Jean-François Soussana, Vice-President for international policy, INRA
How is INRA involved in the“4 per 1000” initiative?
As well as providing a scientific framework for the initiative, INRA launched a scientific committee with other national and international bodies in 2015, along with an initial research program that has led to several publications. We contribute to the work and publications of the 4 per 1000 initiative’s Scientific and Technical Committee and to thinking about its governance and goals. We also conducted a national study on the carbon storage potential of French soils in light of the 4 per 1000 goal, simulating the effect of farming and forestry practices on changes to carbon stock over 30 years. This new knowledge should shed light on public policies and show the importance of maintaining permanent grasslands, wetlands and forests where soils generally have high carbon stocks, as well as putting a stop to land take. This knowledge supplements expertise focused on increasing low carbon stocks, primarily in field crop areas. By implementing these two complementary goals all across France, it would be possible to achieve a rise in soil carbon stock levels in metropolitan France of nearly 4‰ per year.
Veolia and INRA enjoy a long-standing relationship. What is special about this partnership based on the 4 per 1000 initiative?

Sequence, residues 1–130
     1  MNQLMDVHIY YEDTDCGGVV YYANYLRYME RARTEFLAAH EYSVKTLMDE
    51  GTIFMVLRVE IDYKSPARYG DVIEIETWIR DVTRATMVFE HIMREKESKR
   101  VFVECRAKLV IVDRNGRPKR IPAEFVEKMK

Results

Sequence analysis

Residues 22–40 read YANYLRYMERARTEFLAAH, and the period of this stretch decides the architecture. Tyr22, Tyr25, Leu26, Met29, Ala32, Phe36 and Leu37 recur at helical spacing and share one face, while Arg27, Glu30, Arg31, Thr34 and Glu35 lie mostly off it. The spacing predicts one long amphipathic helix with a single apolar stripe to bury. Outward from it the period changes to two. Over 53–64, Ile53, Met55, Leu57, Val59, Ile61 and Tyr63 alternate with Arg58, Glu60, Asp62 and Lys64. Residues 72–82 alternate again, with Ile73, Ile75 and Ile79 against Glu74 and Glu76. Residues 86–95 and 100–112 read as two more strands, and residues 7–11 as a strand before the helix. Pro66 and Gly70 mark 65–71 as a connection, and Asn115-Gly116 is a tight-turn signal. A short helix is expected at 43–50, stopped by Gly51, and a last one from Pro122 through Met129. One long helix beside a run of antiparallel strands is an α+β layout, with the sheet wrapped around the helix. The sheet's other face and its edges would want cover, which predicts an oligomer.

The partnership with Veolia has made it possible to develop the beginnings of an answer to the dynamic of organic waste products in soil, the future of micropollutants from organic waste products, and the biological and microbiological functioning of soils spread regularly. Every year in France, 330 million metric tons of organic waste matter is recycled in agriculture. Returning these products to the soil improves its fertility and could also contribute to increased carbon stocks, thereby helping achieve the goals of the 4 per 1000 initiative.
What makes Veolia and its subsidiary Sede a key partner for INRA?
It is necessary to document that returning these organic waste products to the soil has no negative impacts on the environment. A network of experimental sites has thus been developed by Veolia through its subsidiary Sede. Designed on a plot scale, these sites make it possible to measure — sometimes for over ten years — the long-term development of an agrosystem spread with organic waste products.